Republicans Weaken Oregon's Big Plan For State-Run Retirement Accounts
The Republican-led Congress has thrown a monkey wrench into Oregon’s plans to set up retirement savings accounts for workers who don’t have one offered by their employers.
The Senate on Wednesday voted 50-49 to send President Donald Trump legislation aimed at curbing the plans Oregon and at least six other states are working to set up.
The legislation repeals Obama administration regulations that provided legal protections for states that offer these plans.
The state-sponsored plans have come under heavy fire from segments of the financial industry that fear it could hurt sales of their own retirement savings products. And many businesses groups didn’t like being required to help funnel worker pay to state-sponsored plans.
Oregon Treasurer Tobias Read said after the vote that he still plans to proceed with the new retirement program, known as Oregon Saves.
But Read also said the legislative action makes it more difficult. The congressional action could make Oregon's plan more vulnerable to a legal challenge.
“Today, in the face of a multi-trillion dollar retirement savings crisis,” Read said in a statement after the vote, “Congress chose to side with the special interests over working Americans.”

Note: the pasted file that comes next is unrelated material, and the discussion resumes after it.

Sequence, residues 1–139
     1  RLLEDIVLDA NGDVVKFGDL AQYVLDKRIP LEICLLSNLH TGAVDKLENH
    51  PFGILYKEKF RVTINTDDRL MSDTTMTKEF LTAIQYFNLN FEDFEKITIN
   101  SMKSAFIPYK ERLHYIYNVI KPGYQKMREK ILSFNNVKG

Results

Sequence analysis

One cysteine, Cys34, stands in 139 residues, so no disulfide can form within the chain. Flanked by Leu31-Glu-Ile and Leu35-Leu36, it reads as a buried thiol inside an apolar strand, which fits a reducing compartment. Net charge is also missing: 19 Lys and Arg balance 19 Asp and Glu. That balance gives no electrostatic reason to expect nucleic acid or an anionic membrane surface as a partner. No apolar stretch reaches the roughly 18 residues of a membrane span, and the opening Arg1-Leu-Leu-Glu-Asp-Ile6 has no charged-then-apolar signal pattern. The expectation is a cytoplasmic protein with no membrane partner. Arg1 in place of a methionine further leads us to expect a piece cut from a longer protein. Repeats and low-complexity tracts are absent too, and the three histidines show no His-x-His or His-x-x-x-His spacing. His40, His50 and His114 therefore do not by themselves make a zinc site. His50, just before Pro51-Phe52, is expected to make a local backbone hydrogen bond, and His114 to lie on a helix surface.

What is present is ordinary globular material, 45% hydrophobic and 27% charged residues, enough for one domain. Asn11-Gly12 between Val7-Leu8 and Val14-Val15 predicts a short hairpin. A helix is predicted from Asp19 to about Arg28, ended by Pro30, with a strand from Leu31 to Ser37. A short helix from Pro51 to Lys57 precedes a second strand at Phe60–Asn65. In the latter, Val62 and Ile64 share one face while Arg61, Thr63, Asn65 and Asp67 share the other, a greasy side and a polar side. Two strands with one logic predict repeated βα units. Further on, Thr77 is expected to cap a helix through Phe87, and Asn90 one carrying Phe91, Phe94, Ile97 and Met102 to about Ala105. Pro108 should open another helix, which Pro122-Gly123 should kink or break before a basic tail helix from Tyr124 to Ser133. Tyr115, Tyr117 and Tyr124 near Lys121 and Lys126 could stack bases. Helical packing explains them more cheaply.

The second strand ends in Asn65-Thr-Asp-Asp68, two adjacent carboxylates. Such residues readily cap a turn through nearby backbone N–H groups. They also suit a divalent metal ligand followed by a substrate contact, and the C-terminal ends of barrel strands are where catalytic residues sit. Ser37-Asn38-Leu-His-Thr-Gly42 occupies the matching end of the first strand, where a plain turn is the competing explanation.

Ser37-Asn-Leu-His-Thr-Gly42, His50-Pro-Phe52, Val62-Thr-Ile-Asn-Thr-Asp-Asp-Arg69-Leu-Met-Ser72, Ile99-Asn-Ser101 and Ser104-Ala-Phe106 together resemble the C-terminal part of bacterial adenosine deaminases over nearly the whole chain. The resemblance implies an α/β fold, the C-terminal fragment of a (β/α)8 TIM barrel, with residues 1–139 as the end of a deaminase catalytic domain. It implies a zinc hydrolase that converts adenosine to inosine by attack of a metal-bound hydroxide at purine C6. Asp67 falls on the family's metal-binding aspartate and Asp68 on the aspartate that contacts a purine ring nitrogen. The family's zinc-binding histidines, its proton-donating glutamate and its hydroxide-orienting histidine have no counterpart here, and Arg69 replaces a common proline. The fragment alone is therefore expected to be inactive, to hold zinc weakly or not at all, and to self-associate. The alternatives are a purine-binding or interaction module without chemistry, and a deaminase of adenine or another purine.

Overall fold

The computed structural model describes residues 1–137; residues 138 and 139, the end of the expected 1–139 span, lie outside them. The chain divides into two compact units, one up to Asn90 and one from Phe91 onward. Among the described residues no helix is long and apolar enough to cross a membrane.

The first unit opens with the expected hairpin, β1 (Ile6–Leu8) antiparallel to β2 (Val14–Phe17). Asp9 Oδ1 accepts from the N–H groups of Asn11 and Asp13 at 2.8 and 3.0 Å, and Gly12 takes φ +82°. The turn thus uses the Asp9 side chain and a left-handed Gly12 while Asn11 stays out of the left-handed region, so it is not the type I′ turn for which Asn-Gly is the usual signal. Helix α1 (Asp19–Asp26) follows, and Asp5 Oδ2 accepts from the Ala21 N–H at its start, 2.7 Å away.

Oregon’s plan requires employers who don’t offer retirement packages to put 5 percent of their workers’ pay into a state-run savings account. Workers could opt out if they don’t want to participate. Oregon plans to start with a small test of the program in July.
Oregon Democratic Sens. Ron Wyden and Jeff Merkley both voted against overturning the regulations protecting the savings plan.
“The fact is, Oregon Saves is simple, it’s easy to understand, and it’s exactly the kind of innovative program that’s needed to combat the savings crisis in this country,” Wyden said in remarks prepared for the Senate debate. “So it’s an absolute head-scratcher why the majority party in Congress would want to hang a menacing cloud over state auto-IRA programs.”
Merkley called the Senate action a "shameless Wall Street giveaway."
Sen. Orrin Hatch, R-Utah, led opposition to the regulations.
He charged that the state-run programs could engage in risky investing practices and that he didn’t want to see the spread of government-mandated retirement programs.
Copyright 2017 Oregon Public Broadcasting